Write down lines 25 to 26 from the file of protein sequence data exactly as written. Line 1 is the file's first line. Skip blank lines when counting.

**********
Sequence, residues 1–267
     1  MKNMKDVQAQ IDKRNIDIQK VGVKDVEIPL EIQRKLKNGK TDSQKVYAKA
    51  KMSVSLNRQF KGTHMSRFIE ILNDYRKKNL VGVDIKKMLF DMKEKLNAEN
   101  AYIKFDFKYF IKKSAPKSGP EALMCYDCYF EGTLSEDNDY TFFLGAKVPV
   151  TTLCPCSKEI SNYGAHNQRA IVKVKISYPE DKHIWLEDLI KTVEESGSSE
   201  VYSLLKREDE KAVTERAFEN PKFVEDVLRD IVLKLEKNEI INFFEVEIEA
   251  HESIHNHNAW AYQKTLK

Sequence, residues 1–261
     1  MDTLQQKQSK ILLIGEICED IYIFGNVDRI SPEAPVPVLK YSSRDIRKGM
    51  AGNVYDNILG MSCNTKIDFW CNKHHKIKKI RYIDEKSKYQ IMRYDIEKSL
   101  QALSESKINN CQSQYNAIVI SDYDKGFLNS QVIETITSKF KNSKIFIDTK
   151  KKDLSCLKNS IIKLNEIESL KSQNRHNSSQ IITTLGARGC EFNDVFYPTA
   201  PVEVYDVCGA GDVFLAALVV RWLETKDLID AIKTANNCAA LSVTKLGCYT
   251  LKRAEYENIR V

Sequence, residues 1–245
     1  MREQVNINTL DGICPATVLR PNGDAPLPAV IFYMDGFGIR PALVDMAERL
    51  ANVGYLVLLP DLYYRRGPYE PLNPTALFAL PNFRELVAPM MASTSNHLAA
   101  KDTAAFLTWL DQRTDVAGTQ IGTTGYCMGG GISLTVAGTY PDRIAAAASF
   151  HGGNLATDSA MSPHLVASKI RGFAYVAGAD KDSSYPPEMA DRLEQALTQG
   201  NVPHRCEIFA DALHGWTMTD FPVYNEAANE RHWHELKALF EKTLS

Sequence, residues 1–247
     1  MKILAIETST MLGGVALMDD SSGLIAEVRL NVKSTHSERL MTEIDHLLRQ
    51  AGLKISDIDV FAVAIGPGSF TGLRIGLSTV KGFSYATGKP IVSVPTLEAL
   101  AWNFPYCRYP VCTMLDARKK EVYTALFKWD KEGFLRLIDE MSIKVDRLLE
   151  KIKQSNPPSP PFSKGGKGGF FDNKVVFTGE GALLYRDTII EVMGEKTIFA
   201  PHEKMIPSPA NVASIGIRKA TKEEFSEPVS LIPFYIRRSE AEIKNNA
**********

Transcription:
   151  KIKQSNPPSP PFSKGGKGGF FDNKVVFTGE GALLYRDTII EVMGEKTIFA
   201  PHEKMIPSPA NVASIGIRKA TKEEFSEPVS LIPFYIRRSE AEIKNNA